Facebook LinkedIn Email Pinterest Twitter Instagram YouTube Icon Navigation Search Icon Main Search Icon Video Play Icon Plus Icon Minus Icon Check Icon Print Icon Note Icon Heart Icon Filled Heart Icon Single Arrow Icon Double Arrow Icon Hamburger Icon TV Icon Close Icon Sorted Hamburger/Search Icon

Oven-Roasted Polenta

Daniel Proctor

Servings: three to four as a side dish.

Thanks to Ed Fleming, owner of The Polenta Company, for permission to adapt the recipe printed on bags of Golden Pheasant brand polenta. Use only water and no milk if you’re making polenta to use a few days from now—it will keep better this way. If you’re doubling the recipe, double the cooking time.


  • 1 cup medium-coarse or coarse cornmeal, preferably organic stone-ground  
  • 3 to 6 cups water (or half water, half milk), depending on the desired consistency
  • 1 Tbs. butter or olive oil
  • 1 tsp. salt; more to taste


  • Heat the oven to 350°F. Grease a 3-qt. nonstick ovenproof skillet; pour in the cornmeal, water, milk (if using), butter, and salt and stir with a fork until blended. The mixture will separate and take more than half the cooking time to come together. Bake uncovered for 40 minutes. Stir the polenta, taste, add salt if needed, and bake for another 10 minutes. Remove from the oven and let the polenta rest in the pan for 5 minutes before pouring it into a buttered bowl to scoop out and serve or onto a wooden board or pizza peel to slice into wedges.


For soft polenta use 5 or 6 cups liquid; for firm polenta that can be cut out into shapes or sliced, use 3 to 3-1/2 cups liquid.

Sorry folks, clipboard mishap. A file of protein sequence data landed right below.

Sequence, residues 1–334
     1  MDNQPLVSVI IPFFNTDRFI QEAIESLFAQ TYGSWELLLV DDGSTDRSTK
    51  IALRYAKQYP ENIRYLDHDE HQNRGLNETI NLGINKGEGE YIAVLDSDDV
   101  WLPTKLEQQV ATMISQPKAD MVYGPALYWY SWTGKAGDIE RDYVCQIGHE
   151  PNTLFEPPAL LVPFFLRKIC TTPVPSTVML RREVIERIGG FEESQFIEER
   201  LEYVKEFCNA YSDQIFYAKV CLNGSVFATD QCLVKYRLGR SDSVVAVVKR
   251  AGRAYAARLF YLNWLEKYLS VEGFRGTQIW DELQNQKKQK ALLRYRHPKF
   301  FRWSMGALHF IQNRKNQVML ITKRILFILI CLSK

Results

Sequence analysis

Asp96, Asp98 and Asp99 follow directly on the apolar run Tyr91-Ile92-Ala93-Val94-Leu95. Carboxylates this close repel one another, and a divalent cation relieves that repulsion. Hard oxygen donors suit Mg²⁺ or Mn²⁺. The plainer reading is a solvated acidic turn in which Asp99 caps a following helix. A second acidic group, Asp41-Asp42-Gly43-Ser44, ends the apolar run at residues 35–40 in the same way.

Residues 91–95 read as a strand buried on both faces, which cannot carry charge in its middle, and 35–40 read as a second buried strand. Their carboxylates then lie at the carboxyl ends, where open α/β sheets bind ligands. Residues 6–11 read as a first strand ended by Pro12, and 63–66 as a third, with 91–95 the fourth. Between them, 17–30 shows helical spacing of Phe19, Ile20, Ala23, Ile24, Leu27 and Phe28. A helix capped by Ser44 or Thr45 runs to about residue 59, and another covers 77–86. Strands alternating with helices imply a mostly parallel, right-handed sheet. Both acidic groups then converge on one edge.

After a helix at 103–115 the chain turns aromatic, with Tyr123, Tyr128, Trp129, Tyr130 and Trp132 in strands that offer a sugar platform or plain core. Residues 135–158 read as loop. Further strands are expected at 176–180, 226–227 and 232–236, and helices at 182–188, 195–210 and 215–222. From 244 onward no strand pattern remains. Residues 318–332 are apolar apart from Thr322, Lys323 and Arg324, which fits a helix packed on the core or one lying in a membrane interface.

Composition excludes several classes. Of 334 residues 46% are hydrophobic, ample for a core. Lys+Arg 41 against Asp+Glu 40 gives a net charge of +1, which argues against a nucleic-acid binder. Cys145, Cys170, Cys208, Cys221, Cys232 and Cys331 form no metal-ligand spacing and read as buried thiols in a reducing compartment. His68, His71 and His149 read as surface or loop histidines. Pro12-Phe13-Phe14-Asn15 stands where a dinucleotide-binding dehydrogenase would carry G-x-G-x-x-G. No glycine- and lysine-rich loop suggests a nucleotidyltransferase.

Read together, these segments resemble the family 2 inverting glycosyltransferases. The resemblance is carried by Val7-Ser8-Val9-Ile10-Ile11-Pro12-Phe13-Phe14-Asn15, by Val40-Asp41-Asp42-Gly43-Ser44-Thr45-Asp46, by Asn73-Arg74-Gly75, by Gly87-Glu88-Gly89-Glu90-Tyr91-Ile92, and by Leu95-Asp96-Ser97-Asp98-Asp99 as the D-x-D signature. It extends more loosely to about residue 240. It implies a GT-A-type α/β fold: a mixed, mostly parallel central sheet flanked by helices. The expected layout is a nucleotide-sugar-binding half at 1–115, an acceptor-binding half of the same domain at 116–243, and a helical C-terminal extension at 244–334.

Rate or Review

Reviews (10 reviews)

  • CathySBruce | 02/01/2020

    This has been my go-to recipe for polenta since it first appeared in Fine Cooking. It can take a few minutes longer, depending on the grind of your polenta and the temperature of your water/milk. You can speed it up a bit by microwaving your milk/water mixture to take the chill off of it. A lot happens in the last 10-15 minutes in the oven, so be patient! But if you have 50 minutes to wait, it's the easiest way to make polenta.

  • HousiGirl | 01/24/2019

    We were having company for dinner, so I didn't want to have to stand-and-stir the polenta. I was delighted to find this baked polenta recipe! However, I was crushed when I took the polenta out of the oven after 40 minutes to find it nowhere near done. (Thus no stars at all.) So, recipe ended up being stand-and-stir after all. What could I have done wrong? I used 5 cups of water.

  • Delora | 03/10/2018

    Found this recipe while looking for an alternative to the stand-and-stir routine usually recommended for polenta. Having not been fond of the texture of grits, no matter how finely or coarsely ground, I am now a convert. The slow baking totally changes the result. The polenta was creamy (half milk, half water, one tablespoon butter) and the corn had taken on a pillowy texture. Who knew polenta could be so addictive? Served with a mushroom and tomato ragout. Thank you for posting this great recipe!

  • NikkiR | 09/02/2016

    This is a genius recipe, and most importantly, I make polenta much more often because it's so easy. Make it for friends last night with a fresh tomato sauce, and I received rave reviews for how creamy and delicious the polenta was. I used 1 cup of milk and the rest water.

Show More

Rate this Recipe

Write a Review

Delicious Dish

Find the inspiration you crave for your love of cooking

Fine Cooking Magazine

Subscribe today
and save up to 44%

Already a subscriber? Log in.


View All


Follow Fine Cooking on your favorite social networks


We hope you’ve enjoyed your free articles. To keep reading, subscribe today.

Get the print magazine, 25 years of back issues online, over 7,000 recipes, and more.

See my options